Back in 2009, Apple went after Mexican telecom iFone's trademark, using claims of expiration and similarity to its own iPhone as reasons. Apple was countersued by iFone, which says it registered the trademark long before the iPhone existed, for damages and an injunction.
The legal squabble that resulted dragged on months, with the injunction never coming to fruition, and with Apple being on the losing end of a ruling by the Mexican Supreme Court, which upheld a previous ruling in iFone's favor made by a lesser court.
The issue of damages remained up in the air, however, and has just now come to a close with local telcoms in Mexico bearing the brunt of the punishment. According to El Universal, the Mexican Institute of Industrial Property found Apple to be infringing on the iFone trademark, but only at the local telecom level.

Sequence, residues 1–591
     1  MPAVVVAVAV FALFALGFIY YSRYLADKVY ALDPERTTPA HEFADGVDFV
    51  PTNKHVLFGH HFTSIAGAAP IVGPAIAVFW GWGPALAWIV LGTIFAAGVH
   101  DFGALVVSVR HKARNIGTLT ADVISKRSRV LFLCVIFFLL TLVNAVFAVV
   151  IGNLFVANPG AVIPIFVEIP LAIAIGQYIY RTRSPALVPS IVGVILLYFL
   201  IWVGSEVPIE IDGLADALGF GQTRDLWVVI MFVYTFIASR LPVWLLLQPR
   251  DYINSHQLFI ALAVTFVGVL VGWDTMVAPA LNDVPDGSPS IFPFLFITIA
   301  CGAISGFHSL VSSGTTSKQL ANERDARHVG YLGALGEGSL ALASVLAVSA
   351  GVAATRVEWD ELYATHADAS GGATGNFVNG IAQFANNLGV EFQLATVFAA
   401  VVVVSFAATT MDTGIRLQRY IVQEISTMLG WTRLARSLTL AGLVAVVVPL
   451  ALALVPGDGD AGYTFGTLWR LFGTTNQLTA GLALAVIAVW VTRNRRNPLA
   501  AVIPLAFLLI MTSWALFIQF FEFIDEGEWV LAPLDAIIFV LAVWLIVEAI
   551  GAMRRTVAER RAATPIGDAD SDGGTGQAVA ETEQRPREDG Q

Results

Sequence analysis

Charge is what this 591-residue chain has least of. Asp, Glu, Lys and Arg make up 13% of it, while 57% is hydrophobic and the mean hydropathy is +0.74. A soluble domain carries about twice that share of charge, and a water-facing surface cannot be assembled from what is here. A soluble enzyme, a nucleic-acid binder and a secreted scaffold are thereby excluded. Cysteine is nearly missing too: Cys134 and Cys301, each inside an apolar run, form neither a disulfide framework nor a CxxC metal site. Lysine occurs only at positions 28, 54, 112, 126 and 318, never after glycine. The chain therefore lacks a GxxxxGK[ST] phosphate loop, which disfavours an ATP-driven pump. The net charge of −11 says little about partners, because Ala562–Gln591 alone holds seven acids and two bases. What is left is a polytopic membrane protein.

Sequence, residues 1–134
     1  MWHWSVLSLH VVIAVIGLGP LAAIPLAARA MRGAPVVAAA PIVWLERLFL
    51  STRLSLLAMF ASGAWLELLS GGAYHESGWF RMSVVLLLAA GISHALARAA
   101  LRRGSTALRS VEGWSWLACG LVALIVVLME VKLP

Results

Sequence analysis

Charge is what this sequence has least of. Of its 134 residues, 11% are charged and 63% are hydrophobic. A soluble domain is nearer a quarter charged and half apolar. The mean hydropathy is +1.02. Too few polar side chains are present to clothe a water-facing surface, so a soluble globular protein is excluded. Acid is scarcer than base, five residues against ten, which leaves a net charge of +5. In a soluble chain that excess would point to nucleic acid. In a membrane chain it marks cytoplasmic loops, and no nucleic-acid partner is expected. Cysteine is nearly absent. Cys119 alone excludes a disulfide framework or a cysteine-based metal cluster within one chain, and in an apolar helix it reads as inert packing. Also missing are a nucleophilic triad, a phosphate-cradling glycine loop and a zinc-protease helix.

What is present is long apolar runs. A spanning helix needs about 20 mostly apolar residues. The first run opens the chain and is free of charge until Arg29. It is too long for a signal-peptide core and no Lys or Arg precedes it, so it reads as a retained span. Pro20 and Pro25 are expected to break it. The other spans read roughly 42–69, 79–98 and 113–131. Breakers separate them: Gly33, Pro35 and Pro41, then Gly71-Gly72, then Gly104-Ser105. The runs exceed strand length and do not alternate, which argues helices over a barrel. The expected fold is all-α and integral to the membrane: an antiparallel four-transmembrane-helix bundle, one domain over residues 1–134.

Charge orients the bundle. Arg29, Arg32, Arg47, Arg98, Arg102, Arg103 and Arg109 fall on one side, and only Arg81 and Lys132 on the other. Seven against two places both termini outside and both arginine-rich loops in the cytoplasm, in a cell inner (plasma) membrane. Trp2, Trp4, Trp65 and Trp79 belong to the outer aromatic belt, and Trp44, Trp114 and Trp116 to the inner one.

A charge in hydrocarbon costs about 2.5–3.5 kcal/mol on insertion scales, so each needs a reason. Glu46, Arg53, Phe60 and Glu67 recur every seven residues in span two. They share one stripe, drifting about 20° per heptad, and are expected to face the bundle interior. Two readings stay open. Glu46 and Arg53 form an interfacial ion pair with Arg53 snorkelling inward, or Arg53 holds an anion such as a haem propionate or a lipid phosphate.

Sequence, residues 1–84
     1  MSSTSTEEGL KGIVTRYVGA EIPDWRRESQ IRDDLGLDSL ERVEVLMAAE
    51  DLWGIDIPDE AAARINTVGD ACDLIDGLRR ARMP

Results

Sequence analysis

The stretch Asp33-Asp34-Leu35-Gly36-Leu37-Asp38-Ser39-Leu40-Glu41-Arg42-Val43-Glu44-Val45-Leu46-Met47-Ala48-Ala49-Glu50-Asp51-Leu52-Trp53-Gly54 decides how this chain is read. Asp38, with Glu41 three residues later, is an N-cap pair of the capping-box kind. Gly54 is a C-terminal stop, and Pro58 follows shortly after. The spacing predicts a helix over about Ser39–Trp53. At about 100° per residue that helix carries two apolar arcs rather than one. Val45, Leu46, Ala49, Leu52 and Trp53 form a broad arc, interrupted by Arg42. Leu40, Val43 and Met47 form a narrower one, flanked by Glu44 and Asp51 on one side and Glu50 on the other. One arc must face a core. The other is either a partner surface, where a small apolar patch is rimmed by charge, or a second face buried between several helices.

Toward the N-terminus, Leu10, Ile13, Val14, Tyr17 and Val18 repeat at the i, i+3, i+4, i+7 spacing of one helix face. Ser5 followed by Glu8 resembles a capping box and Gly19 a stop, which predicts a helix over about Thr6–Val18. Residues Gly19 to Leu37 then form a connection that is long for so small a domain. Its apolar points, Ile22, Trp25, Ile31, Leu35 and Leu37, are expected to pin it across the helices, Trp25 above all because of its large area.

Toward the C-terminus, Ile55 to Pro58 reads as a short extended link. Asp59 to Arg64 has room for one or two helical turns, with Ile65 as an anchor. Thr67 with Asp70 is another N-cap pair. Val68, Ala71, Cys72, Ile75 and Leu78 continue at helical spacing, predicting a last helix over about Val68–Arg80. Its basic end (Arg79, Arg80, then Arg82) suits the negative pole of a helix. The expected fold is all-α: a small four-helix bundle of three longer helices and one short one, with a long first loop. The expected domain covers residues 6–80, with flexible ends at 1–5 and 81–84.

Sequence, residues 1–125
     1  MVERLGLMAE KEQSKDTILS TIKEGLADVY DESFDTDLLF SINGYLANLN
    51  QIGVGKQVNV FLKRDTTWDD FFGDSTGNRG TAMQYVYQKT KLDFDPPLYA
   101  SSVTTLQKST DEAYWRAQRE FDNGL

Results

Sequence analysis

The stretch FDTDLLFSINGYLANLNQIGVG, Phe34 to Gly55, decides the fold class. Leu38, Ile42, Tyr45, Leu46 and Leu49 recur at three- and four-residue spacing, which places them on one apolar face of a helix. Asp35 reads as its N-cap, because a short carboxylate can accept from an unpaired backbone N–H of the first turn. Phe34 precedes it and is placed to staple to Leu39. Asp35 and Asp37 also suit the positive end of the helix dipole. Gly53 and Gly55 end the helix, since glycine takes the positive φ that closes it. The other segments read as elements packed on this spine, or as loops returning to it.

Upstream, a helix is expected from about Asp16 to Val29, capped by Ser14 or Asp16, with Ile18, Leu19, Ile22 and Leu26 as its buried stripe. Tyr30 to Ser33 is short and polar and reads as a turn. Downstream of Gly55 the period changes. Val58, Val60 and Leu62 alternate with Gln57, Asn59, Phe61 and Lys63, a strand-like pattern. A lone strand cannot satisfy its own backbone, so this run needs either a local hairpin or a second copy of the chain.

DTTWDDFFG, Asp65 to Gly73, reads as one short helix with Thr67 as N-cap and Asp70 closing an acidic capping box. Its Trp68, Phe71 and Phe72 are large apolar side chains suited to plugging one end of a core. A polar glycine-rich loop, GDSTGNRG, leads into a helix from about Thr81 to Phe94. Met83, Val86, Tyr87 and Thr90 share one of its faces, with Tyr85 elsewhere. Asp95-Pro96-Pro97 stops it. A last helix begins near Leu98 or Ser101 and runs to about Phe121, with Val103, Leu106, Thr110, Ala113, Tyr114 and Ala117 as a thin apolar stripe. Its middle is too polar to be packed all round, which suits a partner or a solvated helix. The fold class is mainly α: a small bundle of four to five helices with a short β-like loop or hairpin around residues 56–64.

As such, local providers like Iusacell, Telcel, and more that offer the iPhone will be fined and will have a little over two weeks to take down iPhone-related branding. Apple, meanwhile, wasn't hit with any damages.
Whether the local telecoms will appeal the ruling isn't known.